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The museum is a building found in all the Animal Crossing series games, except for Animal Forest. It is an establishment for the collection and display of bugs, fish, fossils, paintings, and sculptures. The museum is curated by an owl named Blathers, who stands in the entrance foyer. In Wild World, City Folk, and New Leaf, Celeste also works in the museum, either running the observatory or the museum shop. In the basement in Wild World and City Folk is the museum café, The Roost, run by a pigeon called Brewster who brews and sells coffee. In New Horizons the museum has a modernized approach and didn't include Brewster and The Roost along with the observatory on the game's initial release.
- 1 Function
- 2 Wings
- 2.1 Bug Exhibit
- 2.2 Aquarium
- 2.3 Fossil Gallery
- 2.4 Art Gallery
- 2.5 The Roost
- 2.6 Observatory
- 3 Gallery
- 4 Trivia
The museum is an establishment for the collection and display of all of the collectables that the player has found, including fish, deep-sea creatures, bugs, fossils, paintings, and sculptures. These can be donated only once to the museum curator, Blathers, at which point they will be displayed immediately in the respective exhibit.
On the basement floor in Wild World and City Folk is The Roost, a small café run by Brewster. Occasionally, there will be special characters hanging out at The Roost's bar (like Kapp'n, Pelly, or Phyllis). K.K. Slider performs there once a week on Saturday night.
Upon donating every single available collectable, the player will be awarded a Museum Model. A player cannot donate anything if they are not in their own town. If guests are in the player's town, Blathers will not accept any donations.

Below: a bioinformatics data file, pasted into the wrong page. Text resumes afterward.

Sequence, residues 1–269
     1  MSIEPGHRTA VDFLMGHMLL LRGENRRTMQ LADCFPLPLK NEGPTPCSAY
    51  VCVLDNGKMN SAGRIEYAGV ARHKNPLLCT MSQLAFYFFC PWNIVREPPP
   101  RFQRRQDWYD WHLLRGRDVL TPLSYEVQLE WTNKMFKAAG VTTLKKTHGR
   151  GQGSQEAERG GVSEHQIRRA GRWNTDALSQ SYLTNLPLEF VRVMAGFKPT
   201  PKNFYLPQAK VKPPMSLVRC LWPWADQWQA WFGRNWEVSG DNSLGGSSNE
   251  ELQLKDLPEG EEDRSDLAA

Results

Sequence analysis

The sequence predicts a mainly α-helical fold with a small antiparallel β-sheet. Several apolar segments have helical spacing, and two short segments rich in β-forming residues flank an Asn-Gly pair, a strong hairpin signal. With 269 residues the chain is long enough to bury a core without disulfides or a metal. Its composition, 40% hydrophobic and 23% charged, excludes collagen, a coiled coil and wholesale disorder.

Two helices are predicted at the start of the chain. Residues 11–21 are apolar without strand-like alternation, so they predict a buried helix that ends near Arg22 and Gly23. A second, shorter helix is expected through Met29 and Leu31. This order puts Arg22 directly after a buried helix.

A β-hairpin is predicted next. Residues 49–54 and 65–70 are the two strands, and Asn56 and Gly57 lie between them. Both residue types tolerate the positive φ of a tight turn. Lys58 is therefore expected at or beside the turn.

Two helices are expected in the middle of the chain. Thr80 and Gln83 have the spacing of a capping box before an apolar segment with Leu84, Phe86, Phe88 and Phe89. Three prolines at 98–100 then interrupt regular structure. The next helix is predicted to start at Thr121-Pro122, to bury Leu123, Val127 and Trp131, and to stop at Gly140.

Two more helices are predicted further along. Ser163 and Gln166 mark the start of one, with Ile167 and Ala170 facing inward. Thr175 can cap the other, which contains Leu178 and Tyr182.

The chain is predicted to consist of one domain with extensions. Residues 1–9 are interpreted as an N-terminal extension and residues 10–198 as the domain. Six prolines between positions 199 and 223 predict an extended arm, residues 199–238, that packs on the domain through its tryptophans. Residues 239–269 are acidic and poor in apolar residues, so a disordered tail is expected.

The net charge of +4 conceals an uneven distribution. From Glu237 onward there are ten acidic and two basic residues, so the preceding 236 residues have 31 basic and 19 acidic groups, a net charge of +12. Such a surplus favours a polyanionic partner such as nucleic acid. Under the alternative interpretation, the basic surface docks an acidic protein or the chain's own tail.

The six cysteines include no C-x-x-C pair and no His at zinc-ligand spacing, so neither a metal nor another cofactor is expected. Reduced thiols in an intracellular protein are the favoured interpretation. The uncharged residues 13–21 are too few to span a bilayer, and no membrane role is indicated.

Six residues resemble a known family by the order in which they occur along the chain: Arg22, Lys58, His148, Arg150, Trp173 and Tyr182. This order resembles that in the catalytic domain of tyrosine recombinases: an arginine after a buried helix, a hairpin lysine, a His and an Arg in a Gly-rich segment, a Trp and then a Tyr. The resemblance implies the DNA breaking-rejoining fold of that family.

Upgrading in New Horizons
In New Horizons, the museum is an upgradeable building. Initially, the island has no museum at all, but Tom Nook will ask the player to bring him any interesting fish or bugs to pass on to his friend, Blathers. After 5 fish and/or bugs are turned in, Blathers will decide to travel to the island in-person to study its ecosystem, and Tom Nook will give the player a tent to set up for him.
The tent is completed the day after the plot is placed, and Blathers will urge the player to not only bring him more bugs and fish, but to also explore more of the island and search for fossils; he will present the player with the flimsy shovel and vaulting pole DIY recipes to aid them. After Blathers is given 15 bugs, fish, and/or fossils, he will announce that he has received permission to build a full-fledged museum on the island. He will decline any additional donations for the rest of the day, but will continue to assess fossils. The tent will be closed the next day while the museum is built, and the day after that the completed museum will open.
The first stage of the museum features only three wings: the Bug Exhibit, the Aquarium, and the Fossil Gallery. Blathers will accept any donations for these wings without limit provided that the museum does not already have an item on display. As more donations are given, the sections of each wing where they are displayed will also be enhanced with additional, non-donation displays or decorative scenery.